Warped Tour: 5 Questions With Palisades

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If you don’t know who Palisades is, then you are missing out on a force that has been powering their way through the music industry since their 2012 EP, I’m Not Dying Today. Cliché received the opportunity to hang out with frontman Lou Miceli in Wantagh, NY to pick his mind on the release of Mind Games, and as well as Palisades sparking a revolution against gentrification in this “5 Questions With…” segment.

Cliché: How has Palisades brought the party to Warped Tour so far?
Lou Miceli: It has been pretty crazy being here. We party, but we aren’t usually the party band, but lately on our bus it has been busy. There is a shit ton of people coming and going from our bus! We are probably going to have to cut that down, because people who sleep in the bus probably want to, you know, sleep. Last night in Philly, it kicked my ass. We went down to South street and it totally kicked my ass with a hangover today. [laughs] It’s cool that we are known for that and people in different genres have been coming over and going, “Yo, I fucking love watching your set,” and it’s so awesome. The dudes from Knuckle Puck and Citizen told us that they love watching our sets and it is so cool, because I love pop punk. It’s really awesome to have a mutual respect for each other.

Looking around at this festival, there seems to be a trend in bands clamoring for a genre to define themselves. How do Palisades stand out against this gentrification?
We don’t have a genre. Genres fucking suck. Music is not about dividing people by what this is called or that is called. It is about bringing people together and when you put a band in a genre, you are just dividing people.  It is actually funny that you bring that up to me because I saw someone tweeted yesterday, “Come watch The Wonder Years!” and someone responded, “Fuck that band. That band sucks,” because that guy was only into hardcore music. It’s something I feel passionate about because we as a band don’t have a genre. Music is more than that and I want to read you my tweet back to that guy: “If you judge music based on bias genre opinions, you’re the most closed minded, fucking degenerate ever. Embrace music you fucking nerd.” It’s true though. I love country music, I love hip hop, and I love classical music. Anything that makes me feel good, then I love it, or even music that makes me feel sad. It’s all about feeling from the music.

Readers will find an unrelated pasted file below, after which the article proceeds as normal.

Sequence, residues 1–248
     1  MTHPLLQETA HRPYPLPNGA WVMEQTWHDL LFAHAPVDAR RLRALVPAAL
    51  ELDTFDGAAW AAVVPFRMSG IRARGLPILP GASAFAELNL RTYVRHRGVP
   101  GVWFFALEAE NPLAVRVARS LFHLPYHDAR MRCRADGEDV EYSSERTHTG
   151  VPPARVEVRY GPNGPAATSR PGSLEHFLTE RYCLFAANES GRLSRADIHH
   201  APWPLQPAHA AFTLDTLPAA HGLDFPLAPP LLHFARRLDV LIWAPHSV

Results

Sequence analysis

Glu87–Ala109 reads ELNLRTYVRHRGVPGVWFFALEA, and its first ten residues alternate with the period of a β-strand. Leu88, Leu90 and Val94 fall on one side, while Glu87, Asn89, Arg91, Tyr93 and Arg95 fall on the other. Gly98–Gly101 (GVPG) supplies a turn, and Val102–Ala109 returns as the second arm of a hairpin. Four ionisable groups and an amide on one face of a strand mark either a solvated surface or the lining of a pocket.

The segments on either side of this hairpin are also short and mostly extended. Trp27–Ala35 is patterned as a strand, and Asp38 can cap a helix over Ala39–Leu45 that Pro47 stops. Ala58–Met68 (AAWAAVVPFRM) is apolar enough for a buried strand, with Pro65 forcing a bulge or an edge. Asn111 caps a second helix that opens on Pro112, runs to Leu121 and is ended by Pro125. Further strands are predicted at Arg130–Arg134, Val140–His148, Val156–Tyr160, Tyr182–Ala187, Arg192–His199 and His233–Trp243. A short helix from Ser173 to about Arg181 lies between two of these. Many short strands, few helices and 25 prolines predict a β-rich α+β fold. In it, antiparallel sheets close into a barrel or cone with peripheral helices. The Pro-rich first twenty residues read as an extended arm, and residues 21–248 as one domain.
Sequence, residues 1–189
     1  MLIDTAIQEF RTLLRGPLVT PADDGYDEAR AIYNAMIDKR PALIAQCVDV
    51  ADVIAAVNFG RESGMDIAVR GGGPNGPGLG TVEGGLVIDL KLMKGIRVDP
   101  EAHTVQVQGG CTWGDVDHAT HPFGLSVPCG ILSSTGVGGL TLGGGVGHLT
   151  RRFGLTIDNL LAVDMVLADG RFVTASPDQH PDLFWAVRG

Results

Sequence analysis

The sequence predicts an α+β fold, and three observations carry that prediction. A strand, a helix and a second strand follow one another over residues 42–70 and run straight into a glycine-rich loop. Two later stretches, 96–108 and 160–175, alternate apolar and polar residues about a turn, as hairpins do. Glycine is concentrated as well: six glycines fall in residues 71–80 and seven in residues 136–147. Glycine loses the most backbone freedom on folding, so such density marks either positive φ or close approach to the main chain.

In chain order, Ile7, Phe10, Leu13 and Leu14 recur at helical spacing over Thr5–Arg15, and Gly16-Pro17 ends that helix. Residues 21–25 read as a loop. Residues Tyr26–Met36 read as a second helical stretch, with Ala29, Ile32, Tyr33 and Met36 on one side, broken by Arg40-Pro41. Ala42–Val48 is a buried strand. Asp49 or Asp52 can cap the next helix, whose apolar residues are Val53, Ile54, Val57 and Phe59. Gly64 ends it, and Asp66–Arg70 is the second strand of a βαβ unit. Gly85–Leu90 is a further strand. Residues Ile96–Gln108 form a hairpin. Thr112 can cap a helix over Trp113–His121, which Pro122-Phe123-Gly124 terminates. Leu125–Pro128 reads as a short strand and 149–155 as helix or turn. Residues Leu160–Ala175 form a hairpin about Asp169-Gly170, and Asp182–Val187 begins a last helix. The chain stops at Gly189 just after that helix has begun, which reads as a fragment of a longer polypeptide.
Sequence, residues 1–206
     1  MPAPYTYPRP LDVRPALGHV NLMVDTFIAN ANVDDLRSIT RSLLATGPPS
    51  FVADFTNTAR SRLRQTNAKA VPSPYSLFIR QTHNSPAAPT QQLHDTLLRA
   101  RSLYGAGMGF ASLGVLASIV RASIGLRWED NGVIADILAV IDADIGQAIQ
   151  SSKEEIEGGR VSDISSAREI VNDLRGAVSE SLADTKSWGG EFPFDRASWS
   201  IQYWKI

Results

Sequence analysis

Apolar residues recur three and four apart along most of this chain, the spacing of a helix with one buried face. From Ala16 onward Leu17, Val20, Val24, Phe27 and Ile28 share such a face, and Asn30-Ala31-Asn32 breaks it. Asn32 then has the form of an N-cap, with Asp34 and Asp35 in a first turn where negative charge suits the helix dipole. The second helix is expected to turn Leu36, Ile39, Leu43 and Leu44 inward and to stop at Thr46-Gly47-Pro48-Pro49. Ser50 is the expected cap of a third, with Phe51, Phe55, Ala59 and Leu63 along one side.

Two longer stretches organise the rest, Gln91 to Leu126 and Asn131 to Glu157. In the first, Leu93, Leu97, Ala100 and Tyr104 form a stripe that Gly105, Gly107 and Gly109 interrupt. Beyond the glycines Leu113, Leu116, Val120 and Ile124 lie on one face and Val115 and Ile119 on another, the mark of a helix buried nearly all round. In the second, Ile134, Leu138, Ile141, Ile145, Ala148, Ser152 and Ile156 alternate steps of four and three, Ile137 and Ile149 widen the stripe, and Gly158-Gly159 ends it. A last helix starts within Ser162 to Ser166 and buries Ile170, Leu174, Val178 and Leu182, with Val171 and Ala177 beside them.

DSC_9477You recently released your sophomore album, Mind Games, with the help of Erik Ron. How did Erik help you all take your frustration with the events that inspired the title/theme of Mind Games and pull it together as a whole?
Erik really brought a lot of me as a vocalist. He made me sit in a room with all of the lights off and a bunch of candles with very dim lighting. He would always stop me when I was singing something and be like, “No, dude. I didn’t feel anything from that at all,” or tell me, “This is LP 2 Lou, not LP 1 Lou. I want to feel it.”

I feel like with this album, you really feel the emotion that Erik was pulling out of me. Even on songs that are just fun songs, even with Brandon, too, you really feel it. He and I would sit together when we collaborated on the songs lyrically and some of the melodies and we would just bash out everything. We would just talk about stuff for a while and he would pick my mind on how I felt about things and we would go from there. It was really cool because I never had a producer do that with me before, you know, delve into my mind.